My wife and I have four children. Two have graduated from college, one will graduate from college this year, and one is a freshman in college. Each one is different, one from another. In addition, we have counseled hundreds of families who are going through the process. Parents want the best for their child, and have strong feelings about how college choice will relate to the trajectory their child's adult life will take.
Here is where so many families go wrong: they place too much importance on the school and not enough importance on the child. This mistake is made over and over by caring, conscientious, involved parents, who are trying to do their best during an exciting, confusing time. Families tend to spend more time researching schools than understanding the best situation for their child, by starting with the child first. Catalogs are referenced, "Best of..." lists are consulted, and friends and neighbors are asked, "What have you heard are good schools?" or "What have you heard about _________ University?" They will ask their child, "Which school are you interested in?" or "Do you think you'd like a big school or a small school?"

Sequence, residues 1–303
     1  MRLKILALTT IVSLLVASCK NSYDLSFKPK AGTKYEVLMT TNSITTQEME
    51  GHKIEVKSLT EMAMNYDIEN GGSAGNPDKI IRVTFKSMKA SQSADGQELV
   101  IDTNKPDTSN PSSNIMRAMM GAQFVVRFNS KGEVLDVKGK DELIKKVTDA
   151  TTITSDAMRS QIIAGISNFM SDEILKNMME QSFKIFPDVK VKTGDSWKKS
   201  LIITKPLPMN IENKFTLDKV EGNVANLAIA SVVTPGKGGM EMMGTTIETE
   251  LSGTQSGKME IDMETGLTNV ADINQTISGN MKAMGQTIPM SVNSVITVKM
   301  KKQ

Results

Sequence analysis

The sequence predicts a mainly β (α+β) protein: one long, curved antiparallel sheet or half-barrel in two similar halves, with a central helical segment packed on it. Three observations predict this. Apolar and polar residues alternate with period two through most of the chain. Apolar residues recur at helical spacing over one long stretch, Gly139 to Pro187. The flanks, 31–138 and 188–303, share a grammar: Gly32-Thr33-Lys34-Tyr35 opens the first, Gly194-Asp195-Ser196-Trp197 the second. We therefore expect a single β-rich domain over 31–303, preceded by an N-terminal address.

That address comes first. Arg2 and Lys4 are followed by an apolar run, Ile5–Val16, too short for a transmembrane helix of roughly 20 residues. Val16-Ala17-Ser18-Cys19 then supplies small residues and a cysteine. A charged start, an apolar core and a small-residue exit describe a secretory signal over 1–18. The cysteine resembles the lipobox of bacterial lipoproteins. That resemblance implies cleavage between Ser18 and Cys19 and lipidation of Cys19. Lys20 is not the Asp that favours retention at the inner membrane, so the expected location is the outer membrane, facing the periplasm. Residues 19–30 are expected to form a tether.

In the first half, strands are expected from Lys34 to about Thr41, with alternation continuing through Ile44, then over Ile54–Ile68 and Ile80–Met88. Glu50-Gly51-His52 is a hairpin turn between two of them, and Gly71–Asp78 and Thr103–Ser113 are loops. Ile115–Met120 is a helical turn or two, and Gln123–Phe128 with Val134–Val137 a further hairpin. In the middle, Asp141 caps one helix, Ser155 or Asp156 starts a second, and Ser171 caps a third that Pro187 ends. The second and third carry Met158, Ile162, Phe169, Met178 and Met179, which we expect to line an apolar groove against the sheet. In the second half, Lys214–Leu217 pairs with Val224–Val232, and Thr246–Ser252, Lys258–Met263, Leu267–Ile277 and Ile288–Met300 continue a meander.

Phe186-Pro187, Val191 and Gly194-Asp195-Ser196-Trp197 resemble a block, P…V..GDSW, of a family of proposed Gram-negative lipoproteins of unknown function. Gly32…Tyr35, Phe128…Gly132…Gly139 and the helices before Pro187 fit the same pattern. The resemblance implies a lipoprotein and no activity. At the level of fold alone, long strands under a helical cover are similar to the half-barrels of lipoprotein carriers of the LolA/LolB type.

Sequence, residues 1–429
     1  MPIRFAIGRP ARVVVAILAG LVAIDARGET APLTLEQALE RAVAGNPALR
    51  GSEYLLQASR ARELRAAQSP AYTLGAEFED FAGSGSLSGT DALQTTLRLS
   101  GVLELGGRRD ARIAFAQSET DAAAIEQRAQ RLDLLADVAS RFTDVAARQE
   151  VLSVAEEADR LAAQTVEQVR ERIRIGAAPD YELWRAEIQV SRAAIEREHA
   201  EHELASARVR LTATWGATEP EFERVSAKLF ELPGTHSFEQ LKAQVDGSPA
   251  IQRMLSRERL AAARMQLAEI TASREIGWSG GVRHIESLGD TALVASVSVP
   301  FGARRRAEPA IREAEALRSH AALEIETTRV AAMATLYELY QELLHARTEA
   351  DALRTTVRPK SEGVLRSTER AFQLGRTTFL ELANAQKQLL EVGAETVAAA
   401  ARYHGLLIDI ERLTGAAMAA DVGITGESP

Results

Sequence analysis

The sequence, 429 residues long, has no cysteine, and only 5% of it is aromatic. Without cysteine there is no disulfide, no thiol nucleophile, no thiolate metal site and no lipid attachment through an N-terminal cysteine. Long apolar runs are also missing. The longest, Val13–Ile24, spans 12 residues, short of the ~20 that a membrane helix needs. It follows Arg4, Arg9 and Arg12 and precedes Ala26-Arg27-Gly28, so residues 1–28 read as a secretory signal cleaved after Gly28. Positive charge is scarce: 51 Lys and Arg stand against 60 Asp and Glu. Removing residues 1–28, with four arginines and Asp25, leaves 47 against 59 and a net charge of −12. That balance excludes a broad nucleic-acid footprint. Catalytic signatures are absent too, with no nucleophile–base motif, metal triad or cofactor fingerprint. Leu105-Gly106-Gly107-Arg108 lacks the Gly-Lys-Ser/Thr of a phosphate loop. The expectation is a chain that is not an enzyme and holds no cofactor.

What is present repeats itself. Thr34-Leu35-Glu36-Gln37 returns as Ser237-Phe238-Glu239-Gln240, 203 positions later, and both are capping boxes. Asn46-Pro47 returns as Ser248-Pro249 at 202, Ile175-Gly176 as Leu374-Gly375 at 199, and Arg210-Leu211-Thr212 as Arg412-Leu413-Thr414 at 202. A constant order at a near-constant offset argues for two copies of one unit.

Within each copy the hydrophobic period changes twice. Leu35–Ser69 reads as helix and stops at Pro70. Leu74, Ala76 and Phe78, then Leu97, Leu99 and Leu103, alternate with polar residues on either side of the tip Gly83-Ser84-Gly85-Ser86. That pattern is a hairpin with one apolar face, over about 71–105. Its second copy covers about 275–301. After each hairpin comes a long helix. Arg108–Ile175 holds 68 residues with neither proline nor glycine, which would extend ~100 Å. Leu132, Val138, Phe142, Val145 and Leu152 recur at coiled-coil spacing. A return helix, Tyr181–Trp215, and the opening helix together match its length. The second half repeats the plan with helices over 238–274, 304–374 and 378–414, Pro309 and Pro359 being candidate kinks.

As a result of this backward approach, the time taken to achieve an undergraduate degree is skyrocketing, due to college transfers being at an all-time high. It now takes the average student over five and a half years to earn their degree. Perhaps your child has done a terrific job of achieving impressive grades, test scores, gained admission to an elite school and was given wonderful institutional aid, but that flies out the window if the process was built on the school first.
When we begin to work with a new family, our first job is to understand the child. What are the child's natural areas of interest? Do they enjoy competitive situations? How do they see their life after school? The more we understand the child, the better job we can do matching them to a school. The same is true for parents who decide to lead this process on their own. The best advice we can give is to start early, and have real conversations with your child - not about schools, but about them!